Monday, February 15, 2010


The challenge now is that a longer term view will reveal the true relationship between interest rates and gold.

You can see from the following chart that gold topped about a year before interest rates entered a multi decade bear market. Gold also began a long term secular bull market 7 years before interest rates bottomed.

One can plainly see that each asset class marches to its own fundamental driver. If the last cycle is any indication we shouldn't expect a top in gold until interest rates near the end of the secular bull cycle. Since these cycles tend to run for many years and this one appears to be just starting we could see gold rising for a long time yet using this criteria.

The truth is that the secular bull will run until it becomes extremely overvalued. At that point liquidity will start to leak out of the commodity markets, specifically gold, and find its way into undervalued assets.

This will happen when we reach a Dow:gold ratio of 1:1 or close to 1. At that time we will see a buying panic as the public becomes convinced that gold is a "sure thing". Just like they were convinced that tech was a no brainer and just like they believed that real estate never goes down.

Trust me we will see the same mentality in the commodity markets. You want to know how I know? Because human nature never changes. When something goes up long enough and far enough the masses will pile in, they always do. It's how all major secular bull markets end.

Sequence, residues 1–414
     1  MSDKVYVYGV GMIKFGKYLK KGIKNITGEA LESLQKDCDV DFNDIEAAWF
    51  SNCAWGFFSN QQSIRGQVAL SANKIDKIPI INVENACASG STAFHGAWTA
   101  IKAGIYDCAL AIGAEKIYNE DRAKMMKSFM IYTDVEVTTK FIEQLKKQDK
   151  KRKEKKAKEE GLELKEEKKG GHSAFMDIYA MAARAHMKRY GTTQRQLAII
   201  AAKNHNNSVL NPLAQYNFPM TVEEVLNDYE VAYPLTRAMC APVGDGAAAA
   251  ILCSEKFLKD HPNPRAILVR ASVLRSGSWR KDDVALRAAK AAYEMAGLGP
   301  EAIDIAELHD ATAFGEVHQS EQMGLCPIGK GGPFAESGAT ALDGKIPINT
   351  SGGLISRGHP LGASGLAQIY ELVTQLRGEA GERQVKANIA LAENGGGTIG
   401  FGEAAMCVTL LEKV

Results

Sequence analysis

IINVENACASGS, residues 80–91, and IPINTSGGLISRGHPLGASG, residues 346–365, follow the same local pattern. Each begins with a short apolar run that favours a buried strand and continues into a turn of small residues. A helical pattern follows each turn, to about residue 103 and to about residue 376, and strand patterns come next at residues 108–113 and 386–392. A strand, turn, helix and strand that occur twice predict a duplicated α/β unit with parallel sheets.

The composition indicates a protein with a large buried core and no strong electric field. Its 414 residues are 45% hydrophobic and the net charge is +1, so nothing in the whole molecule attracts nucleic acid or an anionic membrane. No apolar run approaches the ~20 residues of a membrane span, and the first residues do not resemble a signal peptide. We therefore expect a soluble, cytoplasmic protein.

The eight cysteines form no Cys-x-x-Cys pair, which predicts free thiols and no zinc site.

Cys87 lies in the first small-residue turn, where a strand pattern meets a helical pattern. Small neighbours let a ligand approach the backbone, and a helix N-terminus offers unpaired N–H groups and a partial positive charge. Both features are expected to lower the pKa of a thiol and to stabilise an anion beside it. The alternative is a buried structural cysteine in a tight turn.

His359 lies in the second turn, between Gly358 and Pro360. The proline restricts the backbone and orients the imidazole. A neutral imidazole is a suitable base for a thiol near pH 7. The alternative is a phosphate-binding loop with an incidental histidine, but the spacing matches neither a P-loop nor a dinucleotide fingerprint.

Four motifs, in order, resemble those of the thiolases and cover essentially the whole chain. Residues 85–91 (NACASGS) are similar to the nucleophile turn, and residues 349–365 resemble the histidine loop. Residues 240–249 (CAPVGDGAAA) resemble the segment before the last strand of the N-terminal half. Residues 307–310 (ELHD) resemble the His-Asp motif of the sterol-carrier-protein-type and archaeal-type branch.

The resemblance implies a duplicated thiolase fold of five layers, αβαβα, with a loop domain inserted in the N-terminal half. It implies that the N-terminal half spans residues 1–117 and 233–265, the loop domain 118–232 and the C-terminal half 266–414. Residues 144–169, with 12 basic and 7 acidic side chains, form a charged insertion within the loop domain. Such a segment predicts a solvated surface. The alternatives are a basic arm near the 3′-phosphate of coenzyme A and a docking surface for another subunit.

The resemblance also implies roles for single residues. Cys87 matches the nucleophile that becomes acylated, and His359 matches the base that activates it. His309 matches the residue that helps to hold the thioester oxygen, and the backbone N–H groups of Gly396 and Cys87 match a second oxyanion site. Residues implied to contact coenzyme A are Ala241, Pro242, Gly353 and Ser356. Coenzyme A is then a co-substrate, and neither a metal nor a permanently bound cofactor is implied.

When that starts to happen smart money, money driven by logic instead of emotion, will start to sell gold and go looking for undervalued assets. By that time it will be stocks. Stocks will be so beaten up by then that no one will want to own them. We will see the Dow trading at single digit P/E's. Dividend yields will be between 6 and 10%.

At that point smart money will recognize true value in good companies that are being given away for pennies on the dollar.

Let's face it no matter how much we want to believe otherwise gold only has value because we say it does. If all the gold in the world were to disappear tomorrow it would only cause a minor blip on the global economy.

Real value is companies producing goods that the world must have to continue. At some point people will start to recognize that gold, a nonessential shiny metal, is being priced completely irrationally and that good companies with real profits making essential products for continued human existence are being given away. At that point the secular trends will flip and gold will re-enter another long term bear market and stocks a new secular bull.

Going back to the chart. Gold is still in a secular bull and that bull has nothing to do with interest rates and everything to do with human nature.

All in all, I still like those apples :-)